End Corporate Welfare as We Know it


End Corporate Welfare as We Know it

Jul 17, 2014 2 min read
Stephen Moore

Senior Visiting Fellow, Economics

Stephen Moore is a Senior Visiting Fellow in Economics at The Heritage Foundation.

Imagine that you were at home on a weekend afternoon and the doorbell rang and a representative from Boeing stood at the door with a tin cup asking you to contribute $10 to the Fortune 100 company so it can sell more products overseas. It's a good bet you would slam the door in the lobbyist's face.

But this is, in effect, what these corporate lobbyists are doing in Washington now. Instead of panhandling door to door, they're going to one congressional office after another securing cut-rate insurance that could cost taxpayers more than $2 billion over the next decade. The program is called the Export-Import Bank. Taxpayer groups have been trying to get rid of this corporate welfare racket for 30 years. Yet Congress always seems to rush to the rescue on behalf of GE, Caterpillar, Boeing and the rest.

Now the Ex-Im Bank is in big trouble. Republican fiscal reformers are making a bid to terminate the bank. This would be a major — even unprecedented — victory in the war on corporate welfare. If Ex-Im can be defunded, other dominoes in the vast corporate welfare state could fall as well.

The Export-Import Bank holds more than $100 billion in loan guarantees, making it one of the largest banks in the world. If those loans go sour, taxpayers are on the hook for billions of dollars of losses. Supporters of the program counter that it raises money for the government. Yes, just like housing giants Fannie Mae and Freddie Mac were moneymakers — until the housing market crashed, and we taxpayers had to write one of the biggest bailout checks in history to cover $164 billion in losses.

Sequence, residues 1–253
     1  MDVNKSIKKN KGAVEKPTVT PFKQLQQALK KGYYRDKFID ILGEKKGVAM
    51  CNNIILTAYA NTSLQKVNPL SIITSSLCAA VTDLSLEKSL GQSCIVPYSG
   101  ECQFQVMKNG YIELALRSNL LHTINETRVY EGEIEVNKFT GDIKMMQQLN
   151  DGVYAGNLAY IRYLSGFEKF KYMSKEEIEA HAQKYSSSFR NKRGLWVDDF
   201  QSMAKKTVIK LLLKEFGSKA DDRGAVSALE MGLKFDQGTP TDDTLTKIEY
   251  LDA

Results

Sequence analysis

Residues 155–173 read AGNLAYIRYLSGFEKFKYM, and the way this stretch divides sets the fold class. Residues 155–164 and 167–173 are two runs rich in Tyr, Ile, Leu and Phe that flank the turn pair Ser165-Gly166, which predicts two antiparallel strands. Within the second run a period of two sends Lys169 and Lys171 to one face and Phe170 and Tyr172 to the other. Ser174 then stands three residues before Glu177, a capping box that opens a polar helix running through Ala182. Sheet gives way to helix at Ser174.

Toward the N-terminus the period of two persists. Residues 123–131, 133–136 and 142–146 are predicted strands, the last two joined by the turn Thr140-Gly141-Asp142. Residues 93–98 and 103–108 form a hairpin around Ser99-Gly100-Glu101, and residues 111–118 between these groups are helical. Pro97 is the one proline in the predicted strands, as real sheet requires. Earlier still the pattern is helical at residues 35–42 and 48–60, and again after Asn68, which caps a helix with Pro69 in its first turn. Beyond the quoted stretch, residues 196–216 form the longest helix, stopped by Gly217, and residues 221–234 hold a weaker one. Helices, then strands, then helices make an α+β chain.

If this insurance were a moneymaker, then private-sector banks and insurance companies would gladly underwrite these activities. But they won't. What does that tell you?

Nor is this program critical to expand U.S. exports. Some 98 percent of firms operate in international trade — with more than $1 trillion a year in exports — without a government umbilical cord. If thousands of small businesses can do it, why can't billion-dollar businesses?

Here's a much better way to help American businesses compete in international markets.

First, eliminate all corporate welfare programs. Washington has no business passing out taxpayer dollars to pick industry winners and losers. By some estimates, terminating these sweetheart deals could save nearly $100 billion a year.

Next, devote the savings from ending corporate welfare to reforming our business tax system, which now imposes the highest tax rate in the industrial world. Excessive taxation ships American jobs abroad to nations where corporate taxes are less than half as onerous. In just the last several months, major American companies like health care titans Pfizer and Medtronic have threatened to leave the U.S. and take jobs with them in order to reduce their tax bill. This newspaper recently reported that Illinois-based Walgreen may move overseas for tax reasons.

My colleagues at the Heritage Foundation have calculated that business tax reform would create 1 million new American jobs. But Congress prefers to dole out money to deep-pocketed multinational companies, because this is the way to bring in campaign contributions.

Perhaps to clean up the corporate welfare swamp, we need a federal rule that no business or individual with more than $1 million in earnings should ever qualify for a taxpayer subsidy, loan, guarantee or any other form of handout. Why provide welfare for the rich and subsidize the top 1 percent at the expense of the other 99 percent? This rule would eliminate Ex-Im Bank overnight.

Conservatives have argued for many years, and correctly, that welfare programs foster a culture of dependency that impedes the process of financial self-sufficiency. That's true of companies too. The Fortune 500 have become addicted to their subsidies. They now regard them as a political entitlement.

In other words, they feel entitled to our money. This breeds a corruption in Washington with big corporate donations paying for even bigger corporate welfare handouts. It's called pay-to-play, and it's happening now as corporate America launches a full-court blitz to save the Export-Import Bank.

As my friend from Fox News, John Stossel, puts it, this isn't capitalism, it's "crapitalism." And it must end.

 - Stephen Moore is chief economist at the Heritage Foundation.

Originally appeared in The Chicago Tribune